This was basically what I had suspected.

So, I would say there is no harm in using this between trips to my LBS for a shot of the real thing.

Until my bike turns 2 in October, and my service plan is up. I'll be forced to "cut the cord", and do most of my maintenance myself.

Then I will stop being such a cheapskate and pony up for some of the truly purpose made lubes and cleaners.
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Old 02-28-12, 09:05 PM
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Originally Posted by BridgeNotTunnel
Then I will stop being such a cheapskate and pony up for some of the truly purpose made lubes and cleaners.
IIRC I bought a half-gallon of chain and bar oil and the local hardware store for $4. For lubing chains it will be enough to last me many lifetimes.
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Old 02-29-12, 12:17 PM
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Ah yes, chain and bar oil.

This option actually intrigued me the most when I first started researching bike chain lube.

I would imagine this would work as well as any bike lube on all fronts, considering it is designed for a tougher job (as chainsaw lube).
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Old 02-29-12, 12:37 PM
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Any good oil is a good lubricant, but the devil is in the details.

Chain saws have oilers, wherein you push a button and dispense oil, as needed. Bikes, especially road bikes have go go much longer between lubes. Also one of the jobs of chain saw oil is to act as a release agent for chips, especially sticky pine chips so the chain doesn't load up. This isn't an issue for bikes.

Not saying Chain saw oil isn't good, it just isn't optimized for bicycles. The same can be said of all good lubricants that aren't fine tuned for the needs of a chain running under high load out in the weather, and might need to run for many hours between relube cycles.

When I developed Chain-L (cheap plug) my goal wasn't to make the best possible, or cleanest, or most weather proof, or longest lasting, or easiest to apply. My goal was to find the best (in my opinion) balance between good and negative properties.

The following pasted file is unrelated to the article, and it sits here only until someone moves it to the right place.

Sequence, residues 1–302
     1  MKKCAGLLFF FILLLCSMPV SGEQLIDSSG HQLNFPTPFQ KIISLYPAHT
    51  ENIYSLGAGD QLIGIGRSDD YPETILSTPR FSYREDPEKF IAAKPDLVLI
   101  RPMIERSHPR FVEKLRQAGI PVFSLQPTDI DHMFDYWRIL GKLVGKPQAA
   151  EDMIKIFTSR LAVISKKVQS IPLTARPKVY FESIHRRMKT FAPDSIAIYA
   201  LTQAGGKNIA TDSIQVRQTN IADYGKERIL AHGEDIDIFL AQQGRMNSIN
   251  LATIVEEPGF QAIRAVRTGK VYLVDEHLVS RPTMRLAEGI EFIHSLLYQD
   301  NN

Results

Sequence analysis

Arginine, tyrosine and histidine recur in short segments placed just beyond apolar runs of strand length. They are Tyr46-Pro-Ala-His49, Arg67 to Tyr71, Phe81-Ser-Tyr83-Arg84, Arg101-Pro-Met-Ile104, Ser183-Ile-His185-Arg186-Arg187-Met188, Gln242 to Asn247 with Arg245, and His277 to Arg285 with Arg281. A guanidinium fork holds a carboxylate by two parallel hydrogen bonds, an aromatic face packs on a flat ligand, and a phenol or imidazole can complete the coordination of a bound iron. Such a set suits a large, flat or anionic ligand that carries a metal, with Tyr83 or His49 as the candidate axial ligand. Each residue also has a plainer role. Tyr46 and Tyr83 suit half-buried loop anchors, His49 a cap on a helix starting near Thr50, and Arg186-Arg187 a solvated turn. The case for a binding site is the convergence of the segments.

Whatever you choose for your chain will be a compromise, just find the best balance of properties that matches your priorities.
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Old 03-02-12, 03:28 AM
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I've used medical-grade mineral oil AKA paraffin AKA white oil as a chain lube earlier.
First I liked it b/c its user friendliness. It's a common ingredient in bath oils, so no concerns about allergies or skin reactions ASO.
But I have to say that it's one of the two products where even I would say that there's an easily detectable (negative) impact on chain life. With white oil, I'd absolutely thrash a chain in less than one winter season.
Whether it's b/c of poorer lubricating capacity, or if it's b/c it gets washed out easier(in which case more frequent application or better riding conditions would save the day, I don't know.
With the next product used, I get something like 2-3 times the mileage.

This might sound like I'm partnered with FB (but I'm not), but I'm quite pleased with Chain-L.
Can't really say if it's much better in terms of chain life than my old pal engine oil, but the small bottles has just the right dribble to them to make application real easy and with minimum mess.

I've kept the bottle of white oil around though, but nowadays I mainly use it as a cleaning agent.
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Old 03-02-12, 08:20 AM
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Pharmaceutical grade mineral oil is all I have used for cleaning and lubing chains for more than 40 years and I usually get 10k miles from a chain. Using chain cleaners and chain washers removes the lube from the pins and causes rapid chain wear.

1) Wet lint free rag with mineral oil and wipe chain removing sand, grit, crud, etc.

2) Wet another clean lint free rag with mineral oil and wipe chain.

3) With a third clean lint free rag, wipe off the excess oil.

4) Repeat as necessary
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Old 03-02-12, 05:22 PM
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I use it on cutting boards
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Old 03-02-12, 07:03 PM
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Originally Posted by dedhed
I use it on cutting boards
That too. It's good to apply it to wooden cutting boards a couple of times a year seal them.
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Old 03-02-12, 10:32 PM
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Some motor oil is mineral based and some is parafin based.
I use chainsaw bar oil thined with mineral spirits. My tourer's chain has 14,175 miles on it. I remove it and clean it in an ultrasonic cleaner.
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Old 03-03-12, 01:33 AM
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Originally Posted by Just Riding
I happened upon Chain-L a couple of years ago. Easy to apply, lasts a long time, and shrugs off rain. Cheap to use too; I've been feeding several bikes, and have half of a bottle left.
Yep, it's pure win.

Hit up FB for a bottle, and stop futzing around with sub-optimal goo.